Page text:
4. un-self-conscious about holding love of God and neighbor as its highest values. Period. Worship is vibrant, fresh, the central practice/equipment to the life of faith for all people–and I do mean ALL people–so that they may be sent out to love all the world. Not to convert them, just to love them. It must be extravagantly welcoming to everyone, as if love really does cast out fear. Doctrinal agreement and social conformity are not defining characteristics of this community; for once, it’s more about “us” than about “me.” And–don’t get me wrong–I’m not talking about a squishy “we are the world” sentiment here; I’m talking about honest, vigorous, creative, brave, get-your-hands-dirty love. Not onstage; in the trenches. And sometimes, we are the ones in need of help and teaching. Two-way relationships.
  5. hopeful, faithful, confident and patient enough to pour itself out as Christ did.

And let me just say this; it’s easy to talk about it on this level. The hard part is when we try to answer the question, “But how, then, shall we live?” Because working all this out is messy. Feelings get hurt. Dignities are affronted. Turf is impinged upon. Scabs are pulled off. Put your helmets on, people; this is a contact sport. But if those things don’t happen, from where does the growth come? Truly, if we’re not changed by the experience, what are we doing? And this is where the good stuff always comes–where we can be surprised by grace, by joy, by love.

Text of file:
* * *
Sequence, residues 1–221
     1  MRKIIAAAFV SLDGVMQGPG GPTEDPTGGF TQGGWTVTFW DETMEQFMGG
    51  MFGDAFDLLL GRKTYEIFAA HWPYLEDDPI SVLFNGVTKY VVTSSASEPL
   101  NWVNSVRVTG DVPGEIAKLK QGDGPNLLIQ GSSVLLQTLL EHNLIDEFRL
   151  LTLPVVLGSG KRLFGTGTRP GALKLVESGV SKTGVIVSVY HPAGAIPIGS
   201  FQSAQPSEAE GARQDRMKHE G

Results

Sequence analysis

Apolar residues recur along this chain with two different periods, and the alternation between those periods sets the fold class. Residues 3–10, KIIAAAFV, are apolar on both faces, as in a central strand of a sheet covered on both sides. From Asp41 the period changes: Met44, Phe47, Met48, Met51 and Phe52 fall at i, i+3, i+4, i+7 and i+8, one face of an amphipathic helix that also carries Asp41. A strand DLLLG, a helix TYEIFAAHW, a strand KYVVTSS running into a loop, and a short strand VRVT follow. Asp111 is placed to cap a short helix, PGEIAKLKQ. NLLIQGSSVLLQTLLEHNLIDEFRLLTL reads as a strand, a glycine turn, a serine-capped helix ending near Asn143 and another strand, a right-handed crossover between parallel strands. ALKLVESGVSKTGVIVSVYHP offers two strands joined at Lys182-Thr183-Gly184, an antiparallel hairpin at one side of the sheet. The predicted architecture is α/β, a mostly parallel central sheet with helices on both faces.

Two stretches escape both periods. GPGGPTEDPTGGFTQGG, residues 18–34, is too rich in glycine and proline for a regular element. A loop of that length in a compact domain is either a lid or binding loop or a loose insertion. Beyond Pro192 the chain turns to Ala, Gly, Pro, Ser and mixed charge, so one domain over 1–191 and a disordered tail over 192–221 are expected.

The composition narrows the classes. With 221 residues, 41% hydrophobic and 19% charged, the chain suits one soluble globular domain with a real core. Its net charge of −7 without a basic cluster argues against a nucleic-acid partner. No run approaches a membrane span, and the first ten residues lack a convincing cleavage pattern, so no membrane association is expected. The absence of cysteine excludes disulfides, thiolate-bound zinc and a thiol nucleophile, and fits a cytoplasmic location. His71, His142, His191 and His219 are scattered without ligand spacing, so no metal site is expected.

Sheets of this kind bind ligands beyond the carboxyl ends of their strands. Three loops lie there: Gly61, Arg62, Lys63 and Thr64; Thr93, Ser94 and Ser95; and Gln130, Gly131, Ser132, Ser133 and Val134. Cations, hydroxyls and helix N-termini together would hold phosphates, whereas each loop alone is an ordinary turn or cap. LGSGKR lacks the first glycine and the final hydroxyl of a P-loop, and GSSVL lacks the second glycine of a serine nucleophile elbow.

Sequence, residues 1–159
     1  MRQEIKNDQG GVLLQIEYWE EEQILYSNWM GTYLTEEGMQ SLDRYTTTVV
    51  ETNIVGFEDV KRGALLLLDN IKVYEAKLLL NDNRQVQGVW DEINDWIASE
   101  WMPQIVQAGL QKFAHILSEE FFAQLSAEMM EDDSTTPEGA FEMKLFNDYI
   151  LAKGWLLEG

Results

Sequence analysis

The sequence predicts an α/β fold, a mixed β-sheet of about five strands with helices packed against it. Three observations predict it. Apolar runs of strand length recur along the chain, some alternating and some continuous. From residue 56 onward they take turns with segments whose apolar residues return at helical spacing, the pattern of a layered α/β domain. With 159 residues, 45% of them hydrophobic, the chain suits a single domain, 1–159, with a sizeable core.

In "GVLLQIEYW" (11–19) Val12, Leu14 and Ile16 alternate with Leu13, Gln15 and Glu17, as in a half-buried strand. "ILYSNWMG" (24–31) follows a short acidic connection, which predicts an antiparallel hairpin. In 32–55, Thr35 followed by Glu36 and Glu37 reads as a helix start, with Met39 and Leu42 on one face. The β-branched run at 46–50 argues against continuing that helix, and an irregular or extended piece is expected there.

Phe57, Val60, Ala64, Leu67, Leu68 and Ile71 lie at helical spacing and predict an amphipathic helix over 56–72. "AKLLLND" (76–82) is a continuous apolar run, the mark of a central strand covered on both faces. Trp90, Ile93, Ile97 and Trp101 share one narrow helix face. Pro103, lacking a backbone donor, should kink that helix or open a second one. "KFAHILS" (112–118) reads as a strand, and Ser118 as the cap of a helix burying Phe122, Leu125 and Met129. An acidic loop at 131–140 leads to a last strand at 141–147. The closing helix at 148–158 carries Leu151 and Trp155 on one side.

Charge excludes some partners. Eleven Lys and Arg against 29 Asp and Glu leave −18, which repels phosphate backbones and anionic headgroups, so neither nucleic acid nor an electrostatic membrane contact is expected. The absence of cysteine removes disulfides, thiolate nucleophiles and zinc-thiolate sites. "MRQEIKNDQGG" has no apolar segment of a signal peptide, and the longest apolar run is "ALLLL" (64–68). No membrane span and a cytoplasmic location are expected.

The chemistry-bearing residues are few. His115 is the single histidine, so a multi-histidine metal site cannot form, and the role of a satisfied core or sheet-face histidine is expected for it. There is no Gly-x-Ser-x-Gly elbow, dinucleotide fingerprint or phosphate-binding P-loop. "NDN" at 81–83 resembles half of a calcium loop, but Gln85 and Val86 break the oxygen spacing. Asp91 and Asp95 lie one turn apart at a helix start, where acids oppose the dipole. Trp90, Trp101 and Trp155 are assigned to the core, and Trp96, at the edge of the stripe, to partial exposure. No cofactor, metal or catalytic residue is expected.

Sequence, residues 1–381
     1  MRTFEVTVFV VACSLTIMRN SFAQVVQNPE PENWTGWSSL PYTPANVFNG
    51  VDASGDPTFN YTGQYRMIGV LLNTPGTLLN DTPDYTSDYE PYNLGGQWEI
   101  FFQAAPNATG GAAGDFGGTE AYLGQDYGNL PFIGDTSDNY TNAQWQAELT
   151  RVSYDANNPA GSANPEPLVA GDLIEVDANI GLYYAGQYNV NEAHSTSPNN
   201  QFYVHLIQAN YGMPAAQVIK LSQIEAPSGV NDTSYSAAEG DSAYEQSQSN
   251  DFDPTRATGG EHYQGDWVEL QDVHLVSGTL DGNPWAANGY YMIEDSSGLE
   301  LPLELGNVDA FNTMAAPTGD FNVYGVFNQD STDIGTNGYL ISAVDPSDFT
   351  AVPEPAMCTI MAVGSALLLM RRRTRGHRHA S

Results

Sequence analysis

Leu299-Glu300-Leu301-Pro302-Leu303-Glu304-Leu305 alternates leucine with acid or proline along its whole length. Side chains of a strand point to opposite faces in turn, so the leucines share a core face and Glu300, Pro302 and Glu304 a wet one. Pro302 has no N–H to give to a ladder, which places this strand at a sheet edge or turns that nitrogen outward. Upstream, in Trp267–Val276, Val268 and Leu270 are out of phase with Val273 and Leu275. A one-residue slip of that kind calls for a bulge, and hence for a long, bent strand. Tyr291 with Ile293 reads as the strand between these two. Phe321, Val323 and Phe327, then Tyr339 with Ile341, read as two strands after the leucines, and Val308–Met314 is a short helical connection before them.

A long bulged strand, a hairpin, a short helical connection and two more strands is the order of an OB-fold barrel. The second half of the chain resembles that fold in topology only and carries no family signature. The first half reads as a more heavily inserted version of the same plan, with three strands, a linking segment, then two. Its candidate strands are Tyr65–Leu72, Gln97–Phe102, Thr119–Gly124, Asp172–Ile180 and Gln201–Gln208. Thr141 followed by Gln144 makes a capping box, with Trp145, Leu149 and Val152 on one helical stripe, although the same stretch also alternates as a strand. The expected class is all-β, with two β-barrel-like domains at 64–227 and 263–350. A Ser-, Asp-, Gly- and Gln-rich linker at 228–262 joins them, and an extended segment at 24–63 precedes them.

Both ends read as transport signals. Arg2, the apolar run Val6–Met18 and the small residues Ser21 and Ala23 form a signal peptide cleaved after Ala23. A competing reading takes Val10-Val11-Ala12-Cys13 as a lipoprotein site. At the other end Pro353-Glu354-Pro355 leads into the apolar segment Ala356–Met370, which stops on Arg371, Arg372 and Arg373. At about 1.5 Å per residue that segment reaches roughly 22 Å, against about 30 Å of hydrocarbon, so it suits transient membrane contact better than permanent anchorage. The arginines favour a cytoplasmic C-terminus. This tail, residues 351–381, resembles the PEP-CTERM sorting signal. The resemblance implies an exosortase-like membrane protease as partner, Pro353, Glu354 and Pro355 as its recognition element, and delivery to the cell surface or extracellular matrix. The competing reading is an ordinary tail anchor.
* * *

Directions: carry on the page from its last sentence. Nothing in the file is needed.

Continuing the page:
Oh, and my answer to the bonus question? Albert Bayly's wonderful hymn does it for me (sung to BEACH SPRING):

Lord, whose love in humble service bore the weight of human need;

who, upon the cross, forsaken, worked your mercy's perfect deed.

We, your servants, bring the worship not of voice alone, but heart;

consecrating to your purpose every gift that you impart.

Still your children wander homeless; still the hungry cry for bread;

still the captives long for freedom; still in grief we mourn our dead.

As you, Lord, in deep compassion, healed the sick and freed the soul,

by your Spirit send us power to your world to make it whole.

As we worship, grant us vision, till your love's redeeming light

in its height and depth and greatness dawns upon our quickened sight,

making known the needs and burdens your compassion bids us bear;

stirring us to ardent service, your abundant life to share.

Called by worship to your service, forth in your dear name we go,